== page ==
lines of a buried line dipole, as shown in Fig. 3.14. In the geometry of Vesecky et

al. (1979), the two defining field lines join at the center of the buried dipole (Fig. 3.14

left), and where the cross section expands by a factor above the solar surface. A

restriction of this geometry is that the expansion factor is a strict function of the

height of the curvature center with respect to the photospheric surface, which cannot

always be matched with observations. For instance, semi-circular loops can only have

86 CHAPTER 3. HYDROSTATICS

A=A0 A=A0

A=A0 s=0

A=A0

s=-ssub

Dipole Dipole

Figure 3.14: Geometry of expanding loops with a buried dipole: (a) circular loops with zero

cross section at the lowest point and loop expansion factor above the solar surface (Vesecky

et al. 1979); (b) semi-circular loops with zero cross section at coordinate s = ssub and loop

expansion factor of above the solar surface (Aschwanden & Schrijver 2002).

low for an arbitrary range of expansion factors for semi-circular loops, Aschwanden

& Schrijver (2002) introduced a generalized definition shown in Fig. 3.14 (right). A

semi-circular loop can have any (positive) expansion factor above the solar surface, but

the zero cross section point needs to be at a depth of s = ssub . Algebraically, the

cross-sectional area depends on the loop coordinate s as,

s + ssub

A(s) = A0 sin2 ; (3:4:9)

2 L + ssub

where the location of the zero cross section point depends on as,

L

ssub ( ) = : (3:4:10)

[(=2)= ar sin(1= 1=2 ) 1

This definition yields an area of A(s = 0) = A0 at the solar surface, and an expanded

area A(s = L) = A0 at the looptop position (s = L). Loops with a constant cross

section require = 1 and ssub = 1. Note, however, that this geometric model for

loop divergence is only appropriate for the coronal parts of loops, above the canopy

geometry in the transition region (Fig. 4.25).

There are three natural coordinate systems when it comes to analyze, model, or simu-

late loops: (1) the observers coordinate system (x; y; z ); (2) the heliographic coordinate

system (l; b) with longitude l and latitude b, which is invariant to solar rotation; and (3)

the loop plane coordinate system (X; Y; Z ) aligned with the loop plane. Because the

Sun is rotating, the coordinate transformations are time-dependent, if non-simultaneous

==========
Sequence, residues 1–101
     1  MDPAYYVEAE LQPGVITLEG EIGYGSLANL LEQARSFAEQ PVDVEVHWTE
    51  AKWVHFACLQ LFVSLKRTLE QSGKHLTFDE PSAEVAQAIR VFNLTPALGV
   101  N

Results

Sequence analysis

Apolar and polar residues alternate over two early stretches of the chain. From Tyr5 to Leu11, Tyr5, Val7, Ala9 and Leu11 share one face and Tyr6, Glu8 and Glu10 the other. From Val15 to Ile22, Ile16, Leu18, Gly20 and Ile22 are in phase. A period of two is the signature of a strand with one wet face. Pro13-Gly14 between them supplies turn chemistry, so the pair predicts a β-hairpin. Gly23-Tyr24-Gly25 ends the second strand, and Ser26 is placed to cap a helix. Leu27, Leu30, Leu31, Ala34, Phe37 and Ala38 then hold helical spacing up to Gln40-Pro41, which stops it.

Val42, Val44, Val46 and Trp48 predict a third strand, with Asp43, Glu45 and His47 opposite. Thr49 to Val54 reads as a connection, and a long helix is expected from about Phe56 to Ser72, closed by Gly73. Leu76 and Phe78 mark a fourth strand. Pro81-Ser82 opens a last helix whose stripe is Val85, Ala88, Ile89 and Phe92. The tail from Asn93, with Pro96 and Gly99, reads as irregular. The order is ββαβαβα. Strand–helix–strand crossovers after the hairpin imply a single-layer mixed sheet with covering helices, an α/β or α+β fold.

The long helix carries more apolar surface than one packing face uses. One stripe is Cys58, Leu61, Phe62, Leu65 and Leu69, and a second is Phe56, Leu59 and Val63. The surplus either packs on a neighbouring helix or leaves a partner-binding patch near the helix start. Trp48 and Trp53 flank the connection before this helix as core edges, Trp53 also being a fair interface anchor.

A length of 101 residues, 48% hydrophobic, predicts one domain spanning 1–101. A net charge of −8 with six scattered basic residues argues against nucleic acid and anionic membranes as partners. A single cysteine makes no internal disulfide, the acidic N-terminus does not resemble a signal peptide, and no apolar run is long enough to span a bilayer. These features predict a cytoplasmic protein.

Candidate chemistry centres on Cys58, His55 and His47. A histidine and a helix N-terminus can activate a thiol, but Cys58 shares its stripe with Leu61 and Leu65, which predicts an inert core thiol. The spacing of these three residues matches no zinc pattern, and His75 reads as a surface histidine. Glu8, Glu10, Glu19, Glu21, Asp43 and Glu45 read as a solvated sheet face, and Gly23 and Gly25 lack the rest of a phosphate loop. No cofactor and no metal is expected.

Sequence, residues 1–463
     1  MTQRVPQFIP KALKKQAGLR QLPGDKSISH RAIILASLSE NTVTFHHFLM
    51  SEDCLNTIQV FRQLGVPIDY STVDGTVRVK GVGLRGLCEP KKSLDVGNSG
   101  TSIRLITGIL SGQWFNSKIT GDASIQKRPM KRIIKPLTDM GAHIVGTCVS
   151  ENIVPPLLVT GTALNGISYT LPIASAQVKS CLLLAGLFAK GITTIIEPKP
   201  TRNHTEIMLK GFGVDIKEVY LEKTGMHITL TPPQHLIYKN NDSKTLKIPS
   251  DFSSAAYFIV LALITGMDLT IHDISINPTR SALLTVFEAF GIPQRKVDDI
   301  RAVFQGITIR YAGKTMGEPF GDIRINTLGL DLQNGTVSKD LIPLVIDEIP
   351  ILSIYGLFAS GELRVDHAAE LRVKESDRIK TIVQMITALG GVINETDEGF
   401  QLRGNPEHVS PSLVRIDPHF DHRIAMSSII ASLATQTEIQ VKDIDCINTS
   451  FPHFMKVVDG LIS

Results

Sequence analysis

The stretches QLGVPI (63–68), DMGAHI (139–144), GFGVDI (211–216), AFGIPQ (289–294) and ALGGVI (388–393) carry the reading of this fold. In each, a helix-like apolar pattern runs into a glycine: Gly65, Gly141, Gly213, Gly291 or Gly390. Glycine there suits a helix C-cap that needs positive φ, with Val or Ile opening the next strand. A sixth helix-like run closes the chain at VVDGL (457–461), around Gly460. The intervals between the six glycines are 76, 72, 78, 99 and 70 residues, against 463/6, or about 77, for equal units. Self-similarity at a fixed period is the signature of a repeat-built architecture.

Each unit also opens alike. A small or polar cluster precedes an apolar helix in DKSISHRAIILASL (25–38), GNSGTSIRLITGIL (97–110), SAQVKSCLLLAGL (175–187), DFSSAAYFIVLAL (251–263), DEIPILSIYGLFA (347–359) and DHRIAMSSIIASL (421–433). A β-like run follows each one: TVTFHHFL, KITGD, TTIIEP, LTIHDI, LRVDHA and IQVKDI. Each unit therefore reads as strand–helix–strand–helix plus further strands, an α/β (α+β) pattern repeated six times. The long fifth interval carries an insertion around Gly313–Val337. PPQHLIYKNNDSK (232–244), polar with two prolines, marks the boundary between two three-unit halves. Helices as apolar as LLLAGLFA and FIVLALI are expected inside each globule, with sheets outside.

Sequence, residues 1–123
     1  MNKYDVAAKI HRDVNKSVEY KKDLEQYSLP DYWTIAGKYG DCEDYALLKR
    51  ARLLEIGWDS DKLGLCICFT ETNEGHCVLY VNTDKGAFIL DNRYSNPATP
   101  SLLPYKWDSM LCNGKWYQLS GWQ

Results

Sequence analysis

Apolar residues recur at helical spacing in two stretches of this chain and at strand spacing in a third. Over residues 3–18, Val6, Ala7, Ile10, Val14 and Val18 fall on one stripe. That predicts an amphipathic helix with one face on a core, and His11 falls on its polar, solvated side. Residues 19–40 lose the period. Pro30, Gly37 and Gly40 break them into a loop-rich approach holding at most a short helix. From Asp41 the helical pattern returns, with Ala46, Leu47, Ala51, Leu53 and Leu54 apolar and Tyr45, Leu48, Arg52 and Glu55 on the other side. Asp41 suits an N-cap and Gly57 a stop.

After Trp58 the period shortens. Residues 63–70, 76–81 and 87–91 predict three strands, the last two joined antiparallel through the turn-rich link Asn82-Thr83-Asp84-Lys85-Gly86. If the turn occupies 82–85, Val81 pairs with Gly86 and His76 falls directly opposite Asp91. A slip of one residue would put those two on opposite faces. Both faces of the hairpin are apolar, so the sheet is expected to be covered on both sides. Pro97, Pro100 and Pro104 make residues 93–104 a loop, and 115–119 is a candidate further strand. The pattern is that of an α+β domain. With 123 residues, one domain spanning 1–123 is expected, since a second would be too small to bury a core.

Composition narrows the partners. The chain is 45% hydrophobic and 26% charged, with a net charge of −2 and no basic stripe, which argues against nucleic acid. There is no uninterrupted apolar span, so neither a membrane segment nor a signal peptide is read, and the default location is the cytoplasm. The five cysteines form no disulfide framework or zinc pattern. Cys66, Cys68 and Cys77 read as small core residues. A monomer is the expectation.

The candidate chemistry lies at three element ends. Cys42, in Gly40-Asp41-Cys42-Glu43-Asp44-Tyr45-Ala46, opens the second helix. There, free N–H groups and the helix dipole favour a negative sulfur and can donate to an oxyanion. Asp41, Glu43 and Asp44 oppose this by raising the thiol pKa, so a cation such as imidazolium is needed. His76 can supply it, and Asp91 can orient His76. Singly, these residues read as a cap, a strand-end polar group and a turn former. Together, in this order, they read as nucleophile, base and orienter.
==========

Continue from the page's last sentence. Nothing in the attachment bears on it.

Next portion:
images are analyzed. In the following section we provide the most general coordinate

transformations between the three coordinate systems (also described in Aschwanden

et al. 1999a), which are particularly useful for analysis of stereoscopic observations or

any type of 3D modeling.

3.4. LOOP GEOMETRY AND INCLINATION 87

0.30

Definition of Loop Parameters

0.25

North-South distance from Sun center y-y0 [deg]

0.20

Inclination angle

l

ca

(xn,yn) e rti

V

0.15

ine

(x3,y3)

basel

(x2,y2) int

(x1,y1) tpo Azimuth angle

0.10 Foo

h1=hfoot

0.05

0.00

0.00 0.05 0.10 0.15 0.20 0.25 0.30

East-West distance from Sun center x-x0 [deg]

Figure 3.15: Definition of loop geometry parameters: loop positions (xi ; yi ), i = 1; :::; n, the

azimuth angle between the loop footpoint baseline and heliographic east-west direction, and

the inclination angle of the loop plane with respect to the vertical on the solar surface.

(x; y; z ):The (x; y ) coordinates refer to the x-axis and y-axis of an observed image,

while the coordinate (z ) is orthogonal to the image, or parallel to the line-of-sight

direction, defined as positive towards the observer. The origin (x; y; z ) = (0; 0; 0)

of this coordinate system is most conveniently assumed at the Sun center position. A

solar FITS image should contain the position of the Sun center in pixel units (ix0 ; jy0 )

(in FITS header CRPIX1, CRPIX2 or E XCEN, E YCEN), the pixel size (x; y )

in units or arcseconds (in FITS header CDELT1, CDELT2), and the solar radius ir0 in

pixel units (in FITS header SOLAR R, or E XSMD, E YSMD if the semi-diameters of

an ellipse are fitted). With this information, a pixel position (i; j ) can then be converted

into the coordinate system (x; y ) by

xi = x (i ix0) ;